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Sarah Jeong

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Sarah Jeong
Jeong speaking at the XOXO festival in 2016
Born1988 (age 35–36)
South Korea
Alma materUniversity of California, Berkeley
Harvard Law School
EmployerThe New York Times
Notable workThe Internet of Garbage

Sarah Jeong (/ɒŋ/; born 1988) is an American journalist specializing in information technology law and other technology-related topics. A member of the editorial board of The New York Times from 2018 to 2019, she was formerly a senior writer for The Verge and a contributing editor for Vice Media's Motherboard website. She is the author of The Internet of Garbage, a non-fiction book about online harassment.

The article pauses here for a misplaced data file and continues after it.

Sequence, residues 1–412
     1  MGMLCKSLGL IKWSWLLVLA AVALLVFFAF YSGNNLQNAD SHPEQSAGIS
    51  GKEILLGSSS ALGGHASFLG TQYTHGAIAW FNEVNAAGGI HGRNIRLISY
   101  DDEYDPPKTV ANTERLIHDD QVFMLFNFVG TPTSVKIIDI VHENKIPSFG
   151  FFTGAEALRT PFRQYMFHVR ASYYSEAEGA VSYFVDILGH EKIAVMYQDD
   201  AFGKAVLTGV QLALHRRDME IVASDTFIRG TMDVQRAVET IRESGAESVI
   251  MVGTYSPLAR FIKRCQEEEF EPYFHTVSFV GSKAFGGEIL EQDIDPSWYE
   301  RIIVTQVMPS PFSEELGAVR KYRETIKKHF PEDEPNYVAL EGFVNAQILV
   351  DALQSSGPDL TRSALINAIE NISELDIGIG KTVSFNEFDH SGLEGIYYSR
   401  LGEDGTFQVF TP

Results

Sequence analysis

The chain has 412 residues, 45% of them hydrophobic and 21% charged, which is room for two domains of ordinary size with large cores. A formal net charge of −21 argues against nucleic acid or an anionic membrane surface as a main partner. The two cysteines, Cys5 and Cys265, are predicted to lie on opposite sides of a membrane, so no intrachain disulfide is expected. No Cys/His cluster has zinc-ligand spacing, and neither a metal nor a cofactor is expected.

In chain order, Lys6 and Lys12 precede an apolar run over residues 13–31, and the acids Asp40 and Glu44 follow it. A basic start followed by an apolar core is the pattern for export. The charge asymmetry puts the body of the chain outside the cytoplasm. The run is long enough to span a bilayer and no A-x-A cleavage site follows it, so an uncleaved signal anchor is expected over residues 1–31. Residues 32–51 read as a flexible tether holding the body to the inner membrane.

Early life and education

Jeong was born in South Korea in 1988.[1] When she was three years old, her parents immigrated to New York as students and brought Sarah with them.[2] Raised as a Southern Baptist, Jeong attended a religious high school near Los Angeles. She later told Willamette Week that the Internet helped her to counter religious dogmas of her upbringing such as creation science, saying, "it's how I unbrainwashed myself".[3]

Jeong studied philosophy at the University of California, Berkeley, and received a law degree from Harvard Law School,[3] where she was editor of the Harvard Journal of Law & Gender.[4][1] She received a green card while attending college and became a naturalized U.S. citizen in 2017.[2]